Rob Fenn
Rob Fenn explains why businesses needn’t shy from raising prices, with tips on justifying increases.

If 2013 was a testing year for your business, then the concept of raising your prices to win new business may sound plain bonkers. However, Rob Fenn at the British Assessment Bureau has some ideas on how you can increase your profit margin without sacrificing customer numbers.

Even if you feel it’s justified, raising prices is something businesses often shy away from because they’re scared of alienating customers they can’t afford to lose, leaving them vulnerable to competitors. However, an easy way of increasing your margins is to launch a new or revamped version – the idea being it has been improved, justifying paying a little extra.

Whilst you’re reviewing your product or service range, take a look at your competitors’ too. It’s much easier to increase pricing when you manage to make your range less directly comparable. Whether it’s the bundling of services, offer 24hr aftercare, or provide free updates, consider improvements that add value for your customers without burdening you with major costs.

Providing choice

Another route is to strip back your product or service, a strategy famously used by car dealerships. In this situation, prices are set low to get people interested, with the profit being made on the options and accessories that most customers invariably specify.

With this strategy, you overcome the initial challenge: catching a prospective customer’s eye. However, by emphasising the benefits of features your product or service provides, they will start to look beyond purely cost and consider the value of your offer.

Apple’s iPad provides another good example of how you can maximise both customer numbers and revenue by providing choice. Of course, the iPad isn’t just one product, there is an entry-level version, a ‘better’ version, then one with all of the bells and whistles you could ask for. From Apple’s point of view, it means they can cater for the price sensitive, whilst customers already bought into the brand have an opportunity to jump up to the more expensive version, purely because they want to know they have the best option.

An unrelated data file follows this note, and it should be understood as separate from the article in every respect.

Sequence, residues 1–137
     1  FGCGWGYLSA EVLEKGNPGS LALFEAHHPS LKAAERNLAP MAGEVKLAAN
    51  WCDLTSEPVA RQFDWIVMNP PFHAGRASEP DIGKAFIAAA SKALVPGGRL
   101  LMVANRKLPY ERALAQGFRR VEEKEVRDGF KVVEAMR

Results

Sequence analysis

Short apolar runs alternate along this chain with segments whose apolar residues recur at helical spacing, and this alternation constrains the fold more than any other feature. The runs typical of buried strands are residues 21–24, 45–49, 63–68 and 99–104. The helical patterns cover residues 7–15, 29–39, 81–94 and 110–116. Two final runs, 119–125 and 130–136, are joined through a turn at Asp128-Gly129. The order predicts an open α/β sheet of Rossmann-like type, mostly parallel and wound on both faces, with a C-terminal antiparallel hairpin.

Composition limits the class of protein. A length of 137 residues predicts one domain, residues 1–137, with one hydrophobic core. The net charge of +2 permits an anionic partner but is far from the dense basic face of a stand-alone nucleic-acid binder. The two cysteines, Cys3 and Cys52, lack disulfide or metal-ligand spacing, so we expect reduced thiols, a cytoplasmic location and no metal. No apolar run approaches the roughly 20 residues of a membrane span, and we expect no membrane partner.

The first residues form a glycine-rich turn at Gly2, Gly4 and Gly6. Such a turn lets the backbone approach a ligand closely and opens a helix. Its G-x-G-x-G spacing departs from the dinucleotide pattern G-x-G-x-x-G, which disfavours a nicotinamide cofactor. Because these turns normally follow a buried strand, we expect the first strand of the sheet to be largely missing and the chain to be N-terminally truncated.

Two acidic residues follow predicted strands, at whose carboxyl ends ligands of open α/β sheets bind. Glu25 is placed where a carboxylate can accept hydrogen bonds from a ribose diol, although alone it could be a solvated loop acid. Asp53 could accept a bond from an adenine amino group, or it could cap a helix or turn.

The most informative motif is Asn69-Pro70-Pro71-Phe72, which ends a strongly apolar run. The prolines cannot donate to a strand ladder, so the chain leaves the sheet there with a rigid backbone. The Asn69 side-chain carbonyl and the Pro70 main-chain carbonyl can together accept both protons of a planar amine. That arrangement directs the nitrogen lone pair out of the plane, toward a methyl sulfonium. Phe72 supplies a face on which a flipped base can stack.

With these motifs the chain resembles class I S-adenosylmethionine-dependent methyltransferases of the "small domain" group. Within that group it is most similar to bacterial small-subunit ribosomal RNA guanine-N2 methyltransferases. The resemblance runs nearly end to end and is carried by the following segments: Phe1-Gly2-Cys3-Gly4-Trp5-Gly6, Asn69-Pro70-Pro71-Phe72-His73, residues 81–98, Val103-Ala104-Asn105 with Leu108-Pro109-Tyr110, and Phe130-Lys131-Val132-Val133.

A frequently used pricing strategy also works in Apple’s favour. With the jump from the ‘better’ and ‘best’ not being as much as the entry-level to ‘better’, customers will find it far easier to justify going for the most expensive option than if there were only two choices.

Let your customers work for you

If you think it’s time to increase prices, you must have belief in what you do, and so must your current clients – so make the most of them! Testimonials, case studies and videos featuring clients help to build reputation and a desire to choose you over others. Ultimately, people are willing to pay more for what they believe is the best choice in the marketplace.

Would you be willing to pay more for an award-winning product or service? Of course! There are numerous regional, industry and nationwide awards that you could be eligible for that could massively increase your appeal. All will expect you to demonstrate how exactly you deliver a great service or product; customer feedback is important evidence to show that you’re the best in your field.

Cutting costs through efficiency

Operating inefficiently causes mistakes which require re-work to fix. Not only does this cost time and money, it could over the longer term affect reputation and customer retention figures.

As companies grow, ‘growing pains’ are frequent, typical, but also avoidable. The key is to have everyone singing off the same hymn sheet, teamed with an effective management team who work hard to ensure staff are trained well, listened to, and know how to do a good job.

There are frameworks such as the ISO 9001 quality standard which are aimed at helping organisations create a culture of transparency and continuity so everyone knows who does what, when, how and why. Not only does this prevent further frustrating mistakes from happening, but the idea is that – if accidents do happen – the reasons why can be found and fixed.

From time to time, it’s important to also review your overheads. As years roll by, supplier relationships can get a little too comfortable – do you still know if they are competitive? Now you’re bigger, could you benefit from economies of scale? There could now be alternatives that are not only cheaper, but are able to provide added value too. Any savings here help the bottom-line without sacrificing the quality of your product or service.

Honesty is the best policy

If, for example, you run a small consultancy business, some of these suggestions may not make sense in the context of what you do. As such, the personal approach may work better – simply talk your clients through the reasons price increases. If you have strong relationships, the chances are clients will understand that you need to charge more if it’s a case of the costs being brought into line with the rest of the market and your level of expertise. Likewise, if you need to invest in improvements that will reflect positively in the delivery of your service, gaining support shouldn’t be too difficult.

If you’re having trouble convincing some, this is where price differentiation techniques can come in to help. You could provide a cheaper service, with fewer benefits to encourage customers to realise they are best sticking with what they’ve got, or offer a better rate for an improved service before it is rolled out to the masses.

Whilst all of the above suggestions have been proven in various markets, there is of course the risk some ideas can backfire. That’s why it’s so important to measure the results and pick the right time for experimentation, so consider how your company is affected by seasonality and resources in case it goes wrong or right (where resources then may become an issue).